Genome sequencing by Shutterstock.com
Whole genome sequencing, (also known as full genome sequencing, complete genome sequencing, or entire genome sequencing), is a laboratory process that maps a person’s complete genetic code. Because the data that is produced can be staggeringly large—there are approximately six billion base pairs in each human genome—genomic data crunching requires a large amount of computing power and storage capacity and can cost tens of thousands of dollars (down from more than a billion dollars a decade ago).
That’s why it’s been used mostly for research. But rapid developments in sequencing technology in recent years have brought down the cost dramatically, and that technology is now being introduced to consumers. The new focus is what is called exome sequencing, which is the subset of our DNA that codes for proteins.
In a riveting article last month in Time, Bonnie Rochman tells the story of Adam Foye, an 11 year old boy whose symptoms match up with centronuclear myopathy (CNM), a rare muscle disease, but genetic testing shows no signs of abnormalities in any gene linked to CNM. The hope is that through exome sequencing, the genetic mutations causing his condition can be identified opening the door to a possible treatment.
The research on Adam is being coordinated through Boston Children’s Hospital, but soon consumers will have tools at their own disposal. Gene By Gene, better known as the parent company of the popular genetic genealogy provider Family Tree DNA, has launched a new division, DNA DTC, to offer what it claims is “highly reliable and competitively priced genomic testing solutions.” Although it also offers whole genome sequencing, it’s key product is “utilizing next generation sequencing including the entire exome (at 80x coverage)” for an introductory price of $695 at 80x coverage. It will also sequence whole genomes for $5,495.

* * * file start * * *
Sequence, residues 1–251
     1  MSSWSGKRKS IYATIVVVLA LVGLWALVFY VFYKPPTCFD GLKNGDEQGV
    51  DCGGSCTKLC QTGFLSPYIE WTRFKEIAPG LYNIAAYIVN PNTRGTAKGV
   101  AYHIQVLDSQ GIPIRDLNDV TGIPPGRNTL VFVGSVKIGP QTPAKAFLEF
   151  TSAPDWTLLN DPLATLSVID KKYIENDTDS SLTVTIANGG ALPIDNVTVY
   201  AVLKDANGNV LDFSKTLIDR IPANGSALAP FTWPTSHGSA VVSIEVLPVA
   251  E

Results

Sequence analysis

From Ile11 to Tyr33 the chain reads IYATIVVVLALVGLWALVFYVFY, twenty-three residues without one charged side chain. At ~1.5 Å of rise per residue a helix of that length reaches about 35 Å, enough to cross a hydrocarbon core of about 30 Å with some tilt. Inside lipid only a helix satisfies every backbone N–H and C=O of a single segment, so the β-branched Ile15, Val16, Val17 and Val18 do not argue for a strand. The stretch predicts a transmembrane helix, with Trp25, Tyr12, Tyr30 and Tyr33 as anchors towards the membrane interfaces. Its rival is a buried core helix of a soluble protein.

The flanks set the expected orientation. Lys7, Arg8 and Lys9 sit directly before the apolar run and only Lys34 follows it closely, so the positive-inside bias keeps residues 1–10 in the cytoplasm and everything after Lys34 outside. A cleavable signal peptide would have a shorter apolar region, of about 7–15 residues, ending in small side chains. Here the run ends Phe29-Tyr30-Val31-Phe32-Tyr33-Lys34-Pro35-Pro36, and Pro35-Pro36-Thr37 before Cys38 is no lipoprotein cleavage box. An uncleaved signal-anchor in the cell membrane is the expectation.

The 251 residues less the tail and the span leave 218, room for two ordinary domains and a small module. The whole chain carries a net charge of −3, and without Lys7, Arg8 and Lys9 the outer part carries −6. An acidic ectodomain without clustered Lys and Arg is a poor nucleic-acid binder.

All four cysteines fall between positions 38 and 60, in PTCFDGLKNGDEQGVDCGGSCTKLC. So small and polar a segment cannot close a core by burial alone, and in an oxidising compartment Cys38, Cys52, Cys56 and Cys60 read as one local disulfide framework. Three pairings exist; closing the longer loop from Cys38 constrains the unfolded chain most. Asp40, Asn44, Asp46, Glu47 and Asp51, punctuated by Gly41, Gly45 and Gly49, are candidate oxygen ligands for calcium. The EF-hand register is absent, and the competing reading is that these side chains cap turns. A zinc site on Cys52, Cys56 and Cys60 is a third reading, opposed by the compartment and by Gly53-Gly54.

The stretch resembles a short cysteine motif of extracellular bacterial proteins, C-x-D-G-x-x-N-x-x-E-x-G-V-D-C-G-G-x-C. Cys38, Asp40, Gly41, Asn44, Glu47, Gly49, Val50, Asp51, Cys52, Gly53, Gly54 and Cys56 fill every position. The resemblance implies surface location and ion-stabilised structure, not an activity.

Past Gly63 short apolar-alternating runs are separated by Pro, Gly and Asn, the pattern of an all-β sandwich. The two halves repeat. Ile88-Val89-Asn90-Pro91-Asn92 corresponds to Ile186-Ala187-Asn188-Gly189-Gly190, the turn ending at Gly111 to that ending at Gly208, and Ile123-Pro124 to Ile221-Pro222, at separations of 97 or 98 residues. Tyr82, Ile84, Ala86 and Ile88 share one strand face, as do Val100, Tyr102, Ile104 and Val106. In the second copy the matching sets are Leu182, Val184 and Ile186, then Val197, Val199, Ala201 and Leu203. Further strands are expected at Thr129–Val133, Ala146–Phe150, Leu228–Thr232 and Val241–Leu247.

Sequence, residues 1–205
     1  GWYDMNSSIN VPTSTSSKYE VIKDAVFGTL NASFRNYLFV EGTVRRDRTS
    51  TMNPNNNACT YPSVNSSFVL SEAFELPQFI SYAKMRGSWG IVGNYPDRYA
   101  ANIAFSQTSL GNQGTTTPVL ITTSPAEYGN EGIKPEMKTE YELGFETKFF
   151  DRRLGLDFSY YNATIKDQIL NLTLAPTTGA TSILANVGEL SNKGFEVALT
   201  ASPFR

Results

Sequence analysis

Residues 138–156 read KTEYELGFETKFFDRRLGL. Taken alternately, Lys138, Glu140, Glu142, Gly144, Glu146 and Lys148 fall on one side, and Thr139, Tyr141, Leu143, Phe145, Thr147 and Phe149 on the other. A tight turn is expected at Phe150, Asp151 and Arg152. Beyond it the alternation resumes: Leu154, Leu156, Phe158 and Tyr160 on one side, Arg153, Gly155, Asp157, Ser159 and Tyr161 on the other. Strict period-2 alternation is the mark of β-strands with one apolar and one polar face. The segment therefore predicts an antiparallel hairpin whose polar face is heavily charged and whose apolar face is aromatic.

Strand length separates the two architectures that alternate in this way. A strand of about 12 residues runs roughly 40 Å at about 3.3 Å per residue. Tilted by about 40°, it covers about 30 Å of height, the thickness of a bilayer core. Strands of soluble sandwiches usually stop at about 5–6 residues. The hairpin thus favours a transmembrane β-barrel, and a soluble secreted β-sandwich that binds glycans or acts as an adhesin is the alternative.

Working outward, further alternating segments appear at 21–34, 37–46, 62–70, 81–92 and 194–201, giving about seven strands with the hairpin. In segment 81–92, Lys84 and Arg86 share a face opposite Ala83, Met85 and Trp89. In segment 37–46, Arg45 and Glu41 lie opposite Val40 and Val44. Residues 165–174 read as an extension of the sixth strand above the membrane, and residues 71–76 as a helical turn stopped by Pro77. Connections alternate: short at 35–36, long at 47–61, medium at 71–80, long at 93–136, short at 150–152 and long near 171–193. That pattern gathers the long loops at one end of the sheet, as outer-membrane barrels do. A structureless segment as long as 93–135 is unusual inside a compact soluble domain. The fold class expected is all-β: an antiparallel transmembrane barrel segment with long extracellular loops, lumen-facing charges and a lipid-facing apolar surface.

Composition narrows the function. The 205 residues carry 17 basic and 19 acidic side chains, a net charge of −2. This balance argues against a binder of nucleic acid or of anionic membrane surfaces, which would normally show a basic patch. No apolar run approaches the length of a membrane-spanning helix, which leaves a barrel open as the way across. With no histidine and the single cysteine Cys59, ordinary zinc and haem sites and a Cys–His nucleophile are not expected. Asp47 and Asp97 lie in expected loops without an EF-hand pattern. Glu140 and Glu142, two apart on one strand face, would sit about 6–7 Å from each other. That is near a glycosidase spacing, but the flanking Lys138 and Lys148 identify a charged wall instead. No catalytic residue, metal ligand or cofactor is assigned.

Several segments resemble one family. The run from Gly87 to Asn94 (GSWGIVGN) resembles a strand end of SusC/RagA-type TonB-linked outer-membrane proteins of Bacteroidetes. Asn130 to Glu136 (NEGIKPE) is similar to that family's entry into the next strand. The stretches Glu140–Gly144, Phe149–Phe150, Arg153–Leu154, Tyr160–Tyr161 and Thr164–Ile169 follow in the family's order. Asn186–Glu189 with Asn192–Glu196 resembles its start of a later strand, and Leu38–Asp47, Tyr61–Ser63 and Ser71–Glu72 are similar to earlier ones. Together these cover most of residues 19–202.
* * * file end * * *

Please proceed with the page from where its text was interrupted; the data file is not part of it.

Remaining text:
Why is this a breakthrough? Dan Vorhaus, an expert in genetics and the law and author of Genomics Law Report, notes that this is a significant extension of the “direct-to-consumer” genetic testing market. According to Vorhaus: “23andMe, the acknowledged market leader in DTC genetic testing, employs the same DTC model, but it’s exome pilot product ($999) continues to remain closed to new customers and the company does not (yet) offer a whole genome sequencing service. Thus, DNA DTC appears to be the only company currently offering a truly DTC whole exome or whole genome product.”
DNA DTC is unique in its offering because it is only selling the raw data rather than an interpretation of the data, specifically noting, “data analysis not included.” Genome analysis is complicated though there is disagreement about how expensive it will be as the process becomes increasingly automated.
DNA DTC certainly has its eye on the Food and Drug Administration. As Vorhaus notes, “while the FDA has indicated at intervals in the past few years that it intends to more closely scrutinize the DTC genetic testing industry, the FDA has never suggested – nor do I think it likely – that the agency intends to turn its regulatory gaze upon providers of raw genetic or genomic data.”
While 23andMe is holding back its product, seeking premarket approval from the FDA to provide interpretation of sequenced data, DNA DTC is blazing ahead, going direct to the consumer with a raw product—with the expectation, it’s assumed, that third parties will emerge to offer analysis at a reasonable price. How big is the market? It’s too early to say.
As Vorhaus notes, it’s a sign of healthy innovation in a still very young business—five years old this month—and an indication of how vital the industry can be if regulators give it room to breath.
Jon Entine, executive director of the Genetic Literacy Project, is senior fellow at the Center for Health & Risk Communication and at STATS at George Mason University.